A paid advertisement in the newspaper's February 3, 2007 "religion and values" section, placed by the First Baptist Church of South Portland, listed the sermon as "The Only Way to Destroy the Jewish Race"; this caused outrage in Greater Portland's Jewish community[11] and led to an apology by the minister of that church.[12] Two weeks later, an ad for PeoplesChoice Credit Union ran, depicting a "Fee Bandit" character that used stock photography of a Hasidic Jew to represent the character rather than the Old West banker intended for the visual representation.[13] This incident prompted investigations by the Anti-Defamation League; Steven Wessler, director of the Center for the Prevention of Hate Violence and the person in charge of dealing with hate crimes in the state; and the Jewish Community Alliance. The newspaper's management, as well as the credit union, later apologized for the advertisements; the newspaper said it would scrutinize ad content better in the future.[12][14][15]

On March 17, 2008, the Press Herald converted from its traditional multi-section format to two sections. A brief editorial highlighted advertising concerns and said the other sections could be found online. The next day, the Blethens announced that they were putting the Press Herald and its other Maine newspaper properties up for sale.[16] The Portland Press Herald and Maine Sunday Telegram also had three rounds of job cuts in 2008; in the third round of cuts, the newspapers' owner eliminated 36 jobs and closed the news bureaus in Augusta, Biddeford, Bath, and Washington, D.C., in response to declining newspaper ad revenue.[17]

Richard Connor ownershipEdit

After more than a year on the market, on June 15, 2009, the papers were sold to MaineToday Media, Inc., headed by Richard L. Connor, publisher of Times Leader in Wilkes-Barre, Pennsylvania, with financing from HM Capital Partners and Citizens Bank.[18] MaineToday also owned a variety of Maine press properties, including the Kennebec Journal, Morning Sentinel, and Bath's Coastal Journal, as well as mainetoday.com.[19] Although MaineToday originally announced a plan to move the paper's offices out of downtown into the South Portland printing plant,[20] it was later reported that the company's headquarters would move to One City Center in downtown Portland.[21] As part of the sale, Portland Newspaper Guild members took a 10% pay cut in exchange for 15% ownership in MaineToday Media. More than 30 non-union jobs were eliminated.[22]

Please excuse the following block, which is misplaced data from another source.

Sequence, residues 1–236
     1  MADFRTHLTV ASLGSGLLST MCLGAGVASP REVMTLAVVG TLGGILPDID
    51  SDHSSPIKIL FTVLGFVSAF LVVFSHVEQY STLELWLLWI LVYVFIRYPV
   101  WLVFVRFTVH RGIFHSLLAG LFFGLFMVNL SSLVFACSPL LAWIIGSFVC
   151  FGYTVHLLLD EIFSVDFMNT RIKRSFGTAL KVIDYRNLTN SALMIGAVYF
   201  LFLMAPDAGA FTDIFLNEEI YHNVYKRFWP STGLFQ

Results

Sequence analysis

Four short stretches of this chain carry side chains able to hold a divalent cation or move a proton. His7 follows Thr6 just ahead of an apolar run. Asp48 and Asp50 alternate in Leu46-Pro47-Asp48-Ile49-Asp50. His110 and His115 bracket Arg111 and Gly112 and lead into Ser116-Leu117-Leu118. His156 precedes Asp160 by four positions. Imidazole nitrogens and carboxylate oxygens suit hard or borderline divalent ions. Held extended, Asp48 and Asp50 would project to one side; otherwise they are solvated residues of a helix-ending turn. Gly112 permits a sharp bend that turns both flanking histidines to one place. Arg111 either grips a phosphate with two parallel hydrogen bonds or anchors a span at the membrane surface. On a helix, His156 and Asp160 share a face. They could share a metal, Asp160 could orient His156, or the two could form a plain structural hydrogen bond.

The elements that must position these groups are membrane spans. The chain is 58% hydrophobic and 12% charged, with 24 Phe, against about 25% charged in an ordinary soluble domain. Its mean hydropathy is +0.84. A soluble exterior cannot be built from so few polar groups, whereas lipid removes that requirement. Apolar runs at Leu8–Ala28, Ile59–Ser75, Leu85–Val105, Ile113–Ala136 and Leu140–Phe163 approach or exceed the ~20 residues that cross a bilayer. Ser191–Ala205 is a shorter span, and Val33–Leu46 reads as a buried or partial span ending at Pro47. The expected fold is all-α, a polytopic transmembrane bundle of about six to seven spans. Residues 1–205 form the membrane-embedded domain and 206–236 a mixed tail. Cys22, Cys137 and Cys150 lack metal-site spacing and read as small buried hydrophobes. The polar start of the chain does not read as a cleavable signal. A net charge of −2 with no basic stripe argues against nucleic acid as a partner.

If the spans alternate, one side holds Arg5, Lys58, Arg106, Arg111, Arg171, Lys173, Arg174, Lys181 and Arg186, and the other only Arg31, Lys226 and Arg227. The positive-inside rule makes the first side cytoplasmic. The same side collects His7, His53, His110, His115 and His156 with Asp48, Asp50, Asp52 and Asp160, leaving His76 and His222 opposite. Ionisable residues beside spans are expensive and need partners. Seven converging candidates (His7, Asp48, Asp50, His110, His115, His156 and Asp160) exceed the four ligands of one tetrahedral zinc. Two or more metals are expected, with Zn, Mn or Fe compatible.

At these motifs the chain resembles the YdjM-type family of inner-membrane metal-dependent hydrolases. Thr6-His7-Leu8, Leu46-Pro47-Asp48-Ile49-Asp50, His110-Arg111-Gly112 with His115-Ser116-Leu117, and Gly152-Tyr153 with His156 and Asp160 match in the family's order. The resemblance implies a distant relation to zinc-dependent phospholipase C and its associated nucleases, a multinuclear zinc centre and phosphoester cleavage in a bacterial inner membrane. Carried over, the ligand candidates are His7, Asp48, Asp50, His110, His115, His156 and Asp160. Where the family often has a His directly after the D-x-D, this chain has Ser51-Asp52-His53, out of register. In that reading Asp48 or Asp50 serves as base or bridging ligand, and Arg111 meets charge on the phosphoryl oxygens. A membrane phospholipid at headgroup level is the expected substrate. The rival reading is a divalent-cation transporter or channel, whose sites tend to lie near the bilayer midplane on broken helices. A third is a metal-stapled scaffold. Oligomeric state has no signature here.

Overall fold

Connor's short tenure was characterized by controversy and a rapid decline in the newspaper's financial condition. On September 11, 2010, the Press Herald reported on local Ramadan celebrations with a front-page story. Later that day, Connor insisted on apologizing to readers for his editors' decision to run that story. [23] "Many saw Saturday's front-page story and photo regarding the local observance of the end of Ramadan as offensive, particularly on the day, September 11, when our nation and the world were paying tribute to those who died in the 9/11 terrorist attacks nine years ago," wrote Connor.

Connor's apology attracted nationwide scorn. In Time Magazine, critic James Poniewozik called Connor's behavior "craven" and "depressing for the state of journalism."[24] In an appearance on NPR's On The Media, Connor admitted that "some of the people who complained about the lack of 9/11 coverage were really couching anti-Muslim and anti-Islamic attitudes," but refused to retract his apology, and he eventually hung up on host Bob Garfield before the segment was over.[25]

Connor demonstrated a similar lack of ability in managing the business side of the newspaper. In 2011, he eliminated 61 positions, many of which were in the newsroom, and in November of that year, a paper supplier sued the newspaper for $124,000 in unpaid bills.[26] Connor finally left the newspaper at the end of 2011 under strong pressure from the board of directors and a restructuring firm that had taken over day-to-day management.[27]

S. Donald Sussman/Maine Values LLC ownershipEdit

Maine Values LLC, a company owned by wealthy businessman and philanthropist S. Donald Sussman, made a $3–4 million investment in MaineToday Media in February 2012, acquiring a 5% equity stake in the company and a seat on its board.[19] The next month, Maine Values boosted its ownership stake in MaineToday to 75%.[28] Sussman, who lived in North Haven, Maine, therefore held a majority stake in the newspapers.[1]